By Paul Detterman –
There is a true story in my family about a sibling a generation before me who, when caught misbehaving, would often say, “Well, I’m not as bad as the rest of the kids!” Any armchair psychologist can recognize denial when they hear it! The point, of course, was not what everyone else was or wasn’t doing, but that she was fudging one of the family rules or somehow not living up to her potential and the expectations of the loving family that was nurturing her. I understand her line of defense never really worked for her—not should something like it work for any of us!
Although we probably use different words, many times our reaction to living the life of a disciple can be similar to the cop out used by my relative. If we have been around Scripture at all, we know there are expectations for the way we who are followers of Jesus are to live—not to earn God’s love or our salvation, but because of God’s love. Most of the time we know when we are fudging one of the “family” rules—not living up to our potential and the expectations of the loving God who is nurturing us.
It’s easy to lay blame for our shortcomings: if my church would just offer the right Bible studies, if my pastor would just ‘feed me’, or if my schedule just allowed me more time….” But, at some deep level, we know these too are just cop outs. The choice of whether or not we will follow Jesus in a life of missional discipleship is ours alone to make and ours alone to act on.
Oh dear—there’s that pesky word again, missional. “If someone would just explain ‘missional’ living, then maybe…”
OK. Missional living simply means intentionally following God and participating in his mission—living for God and living for others. Jesus’ last words to his closest followers commissioned them (and us) to go into our world and show people the difference following Jesus can make by the choices we make, the way we deal with suffering and discouragement, the way we respond to people and situations around us, how we use our time, money, sexuality, influence; the way we live.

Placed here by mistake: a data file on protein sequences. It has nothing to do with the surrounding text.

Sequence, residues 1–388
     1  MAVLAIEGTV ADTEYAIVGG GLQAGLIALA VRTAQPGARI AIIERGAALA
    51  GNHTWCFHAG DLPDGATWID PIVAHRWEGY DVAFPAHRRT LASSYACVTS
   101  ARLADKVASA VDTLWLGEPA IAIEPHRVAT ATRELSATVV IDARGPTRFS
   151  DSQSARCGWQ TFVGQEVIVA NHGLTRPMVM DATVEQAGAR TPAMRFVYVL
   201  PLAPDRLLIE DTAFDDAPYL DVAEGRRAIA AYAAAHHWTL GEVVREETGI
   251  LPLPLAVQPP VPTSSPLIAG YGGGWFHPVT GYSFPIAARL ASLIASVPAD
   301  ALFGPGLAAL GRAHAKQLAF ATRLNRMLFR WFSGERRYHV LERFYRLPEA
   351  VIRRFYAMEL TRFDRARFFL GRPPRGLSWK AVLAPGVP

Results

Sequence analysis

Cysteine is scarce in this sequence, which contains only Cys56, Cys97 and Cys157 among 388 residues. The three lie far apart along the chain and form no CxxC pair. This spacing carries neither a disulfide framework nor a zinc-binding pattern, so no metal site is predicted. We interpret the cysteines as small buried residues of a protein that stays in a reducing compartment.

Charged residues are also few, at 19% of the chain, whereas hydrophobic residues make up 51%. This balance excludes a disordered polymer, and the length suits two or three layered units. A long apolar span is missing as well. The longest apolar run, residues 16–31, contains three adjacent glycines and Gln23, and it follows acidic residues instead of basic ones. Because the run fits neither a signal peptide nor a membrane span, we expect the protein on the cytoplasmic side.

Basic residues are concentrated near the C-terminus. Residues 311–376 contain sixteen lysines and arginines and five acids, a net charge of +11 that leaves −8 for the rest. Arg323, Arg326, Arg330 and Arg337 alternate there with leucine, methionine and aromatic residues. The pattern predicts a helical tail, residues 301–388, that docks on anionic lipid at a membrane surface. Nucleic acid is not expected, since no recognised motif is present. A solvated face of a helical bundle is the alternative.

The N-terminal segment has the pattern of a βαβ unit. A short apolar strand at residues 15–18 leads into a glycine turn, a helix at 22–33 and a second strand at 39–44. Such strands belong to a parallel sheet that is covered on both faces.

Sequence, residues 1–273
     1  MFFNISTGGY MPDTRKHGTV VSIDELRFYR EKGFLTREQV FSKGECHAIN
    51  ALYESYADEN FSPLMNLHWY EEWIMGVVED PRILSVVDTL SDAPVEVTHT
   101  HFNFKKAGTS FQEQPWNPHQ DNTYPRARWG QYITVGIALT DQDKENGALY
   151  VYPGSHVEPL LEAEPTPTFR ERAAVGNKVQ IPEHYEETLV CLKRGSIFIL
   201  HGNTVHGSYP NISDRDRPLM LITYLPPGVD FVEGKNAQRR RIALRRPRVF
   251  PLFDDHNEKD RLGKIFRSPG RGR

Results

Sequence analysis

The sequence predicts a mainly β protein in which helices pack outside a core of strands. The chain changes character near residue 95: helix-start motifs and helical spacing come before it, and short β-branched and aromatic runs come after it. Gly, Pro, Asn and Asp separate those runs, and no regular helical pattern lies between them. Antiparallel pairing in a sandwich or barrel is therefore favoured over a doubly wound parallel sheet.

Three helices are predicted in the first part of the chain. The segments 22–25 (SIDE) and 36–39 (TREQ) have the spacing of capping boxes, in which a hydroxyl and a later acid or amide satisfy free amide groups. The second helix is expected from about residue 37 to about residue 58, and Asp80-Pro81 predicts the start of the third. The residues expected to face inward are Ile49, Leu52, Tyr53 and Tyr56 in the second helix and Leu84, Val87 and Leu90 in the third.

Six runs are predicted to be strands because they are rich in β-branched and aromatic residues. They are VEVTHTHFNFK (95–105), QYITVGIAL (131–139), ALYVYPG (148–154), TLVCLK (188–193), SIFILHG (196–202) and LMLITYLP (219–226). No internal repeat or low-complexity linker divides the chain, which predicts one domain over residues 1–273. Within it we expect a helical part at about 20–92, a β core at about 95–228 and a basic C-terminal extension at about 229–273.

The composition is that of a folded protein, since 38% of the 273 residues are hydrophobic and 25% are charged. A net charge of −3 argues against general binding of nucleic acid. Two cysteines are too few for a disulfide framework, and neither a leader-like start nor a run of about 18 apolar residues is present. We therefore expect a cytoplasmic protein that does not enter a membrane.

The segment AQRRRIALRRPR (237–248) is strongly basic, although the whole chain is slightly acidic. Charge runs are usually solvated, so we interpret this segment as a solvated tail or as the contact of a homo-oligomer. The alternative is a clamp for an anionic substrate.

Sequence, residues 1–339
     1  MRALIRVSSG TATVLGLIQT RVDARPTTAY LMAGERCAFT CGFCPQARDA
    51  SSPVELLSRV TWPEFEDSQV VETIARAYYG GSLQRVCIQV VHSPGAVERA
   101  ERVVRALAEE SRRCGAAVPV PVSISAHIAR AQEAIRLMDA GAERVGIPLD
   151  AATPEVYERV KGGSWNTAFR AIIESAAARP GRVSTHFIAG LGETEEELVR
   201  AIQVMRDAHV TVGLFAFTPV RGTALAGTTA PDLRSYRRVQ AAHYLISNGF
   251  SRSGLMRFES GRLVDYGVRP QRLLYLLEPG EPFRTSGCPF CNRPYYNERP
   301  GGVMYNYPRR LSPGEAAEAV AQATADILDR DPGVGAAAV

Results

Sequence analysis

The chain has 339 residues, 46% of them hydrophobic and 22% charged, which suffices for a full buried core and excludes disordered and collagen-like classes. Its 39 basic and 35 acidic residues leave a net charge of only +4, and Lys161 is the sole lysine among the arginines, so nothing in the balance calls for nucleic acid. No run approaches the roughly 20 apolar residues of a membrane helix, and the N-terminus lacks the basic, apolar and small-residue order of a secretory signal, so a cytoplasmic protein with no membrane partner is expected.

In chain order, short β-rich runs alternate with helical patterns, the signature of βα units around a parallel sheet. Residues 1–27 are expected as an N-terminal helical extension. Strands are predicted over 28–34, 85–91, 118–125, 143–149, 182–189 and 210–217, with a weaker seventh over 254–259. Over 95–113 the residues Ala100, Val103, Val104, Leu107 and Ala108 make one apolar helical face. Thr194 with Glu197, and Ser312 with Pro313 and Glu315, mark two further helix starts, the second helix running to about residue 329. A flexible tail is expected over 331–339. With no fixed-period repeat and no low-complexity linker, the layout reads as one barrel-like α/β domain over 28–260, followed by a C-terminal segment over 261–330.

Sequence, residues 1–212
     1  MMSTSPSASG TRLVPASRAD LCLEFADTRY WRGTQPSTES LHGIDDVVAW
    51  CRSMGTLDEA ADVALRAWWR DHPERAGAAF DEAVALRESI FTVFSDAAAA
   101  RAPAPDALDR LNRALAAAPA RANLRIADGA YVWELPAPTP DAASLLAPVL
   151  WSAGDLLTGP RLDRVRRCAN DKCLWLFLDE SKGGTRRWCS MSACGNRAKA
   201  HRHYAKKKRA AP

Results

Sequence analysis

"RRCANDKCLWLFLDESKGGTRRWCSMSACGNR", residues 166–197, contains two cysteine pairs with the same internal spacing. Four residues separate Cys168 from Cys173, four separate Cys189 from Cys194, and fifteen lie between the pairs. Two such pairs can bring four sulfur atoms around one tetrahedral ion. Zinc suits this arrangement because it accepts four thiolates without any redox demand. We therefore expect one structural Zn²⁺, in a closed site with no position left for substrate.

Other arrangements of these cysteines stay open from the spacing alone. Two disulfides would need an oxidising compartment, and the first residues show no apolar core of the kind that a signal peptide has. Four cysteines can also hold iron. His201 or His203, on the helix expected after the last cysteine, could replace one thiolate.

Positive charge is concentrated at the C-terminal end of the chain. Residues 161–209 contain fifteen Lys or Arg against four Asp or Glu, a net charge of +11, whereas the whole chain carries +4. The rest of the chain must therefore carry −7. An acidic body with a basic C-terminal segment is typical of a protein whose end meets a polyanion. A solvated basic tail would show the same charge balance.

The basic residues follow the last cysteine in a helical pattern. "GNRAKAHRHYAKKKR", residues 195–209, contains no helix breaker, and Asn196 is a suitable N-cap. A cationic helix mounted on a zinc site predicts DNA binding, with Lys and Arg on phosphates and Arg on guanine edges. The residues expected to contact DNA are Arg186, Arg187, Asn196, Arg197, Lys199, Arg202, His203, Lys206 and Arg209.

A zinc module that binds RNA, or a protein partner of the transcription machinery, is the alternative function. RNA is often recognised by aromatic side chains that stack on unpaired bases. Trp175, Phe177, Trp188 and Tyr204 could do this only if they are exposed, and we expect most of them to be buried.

For each of us, this requires intentional change in our priorities, our focus, our “loves,” —a change we can embrace as a “new way” or a change we can dismiss with an emphatic, “No way!”
Our “heart” is not our friend—at least not at first. Our unattended heart will always lead us to think first about what is best, long term, for us. Our “will” is not our friend either—at least not at first. The part of us we know as “will” is inclined, by default, to help us maintain familiar ways and habits, as anyone who has tried to diet or kick an addiction knows(!) Jesus’ commission means we need to make a decision that will begin to let the gospel change our heart and refocus our will. It is a decision we have to make repeatedly. C. S. Lewis believed it was a decision we need to make in every conversation and every situation of every day.
What it comes down to is this. We are called and equipped by God to be followers of Jesus living in this specific time and place, living the day that lies before us as a winsome witness to the power of Life over death, Light over darkness, Beauty over ugliness, Freedom over oppression, Truth over lies, Compassion over selfishness and greed. Each day we have to choose to embrace this new way, or say, “no way—I’m living just for me.”
There is a tradition in some monastic communities that in each monk’s room there are two hooks: one has his street clothes, representing life on the world’s terms, and one has the clothes of his order, representing the new way of life to which he was called and for which Jesus redeemed him. Every morning, each monk has to decide for himself which garments he will wear. There will always be “the rest of the kids” who can make us look better than we are. The question is, are we choosing, even for just this day, to live a new way—as followers of Jesus?